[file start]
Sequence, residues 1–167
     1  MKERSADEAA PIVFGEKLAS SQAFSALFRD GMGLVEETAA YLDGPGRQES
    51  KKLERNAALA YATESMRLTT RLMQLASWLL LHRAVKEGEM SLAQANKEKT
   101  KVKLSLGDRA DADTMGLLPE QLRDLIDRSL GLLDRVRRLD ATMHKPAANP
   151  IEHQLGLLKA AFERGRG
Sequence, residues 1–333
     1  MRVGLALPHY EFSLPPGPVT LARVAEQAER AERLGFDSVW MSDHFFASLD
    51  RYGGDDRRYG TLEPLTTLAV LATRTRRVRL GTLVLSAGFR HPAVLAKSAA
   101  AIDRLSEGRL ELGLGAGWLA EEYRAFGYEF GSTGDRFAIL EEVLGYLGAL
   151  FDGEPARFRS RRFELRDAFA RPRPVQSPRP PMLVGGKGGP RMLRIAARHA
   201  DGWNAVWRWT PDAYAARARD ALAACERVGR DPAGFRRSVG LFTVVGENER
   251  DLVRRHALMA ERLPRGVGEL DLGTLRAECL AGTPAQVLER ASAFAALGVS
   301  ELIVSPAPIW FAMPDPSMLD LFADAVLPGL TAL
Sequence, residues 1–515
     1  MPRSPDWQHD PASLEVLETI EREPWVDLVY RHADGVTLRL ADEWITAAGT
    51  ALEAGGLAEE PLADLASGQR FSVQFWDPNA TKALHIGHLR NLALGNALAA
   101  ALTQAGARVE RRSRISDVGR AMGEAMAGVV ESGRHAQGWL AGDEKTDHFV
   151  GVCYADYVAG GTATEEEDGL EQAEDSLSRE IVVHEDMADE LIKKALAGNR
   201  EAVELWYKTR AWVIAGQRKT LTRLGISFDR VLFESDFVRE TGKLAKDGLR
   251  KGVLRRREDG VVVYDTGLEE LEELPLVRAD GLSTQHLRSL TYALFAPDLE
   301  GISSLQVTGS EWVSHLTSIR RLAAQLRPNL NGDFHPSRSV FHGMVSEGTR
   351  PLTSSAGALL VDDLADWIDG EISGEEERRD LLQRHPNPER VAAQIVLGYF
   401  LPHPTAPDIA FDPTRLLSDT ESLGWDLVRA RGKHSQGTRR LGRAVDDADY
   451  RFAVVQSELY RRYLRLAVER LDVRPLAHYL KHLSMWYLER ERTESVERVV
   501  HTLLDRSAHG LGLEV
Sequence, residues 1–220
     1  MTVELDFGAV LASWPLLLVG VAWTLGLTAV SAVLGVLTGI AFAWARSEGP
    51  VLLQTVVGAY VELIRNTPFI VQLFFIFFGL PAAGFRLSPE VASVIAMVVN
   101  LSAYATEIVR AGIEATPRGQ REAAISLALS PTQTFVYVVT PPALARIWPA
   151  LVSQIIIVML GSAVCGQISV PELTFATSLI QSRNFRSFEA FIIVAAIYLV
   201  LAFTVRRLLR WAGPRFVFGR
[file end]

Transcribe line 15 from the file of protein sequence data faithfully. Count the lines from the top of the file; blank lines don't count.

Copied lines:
     1  MPRSPDWQHD PASLEVLETI EREPWVDLVY RHADGVTLRL ADEWITAAGT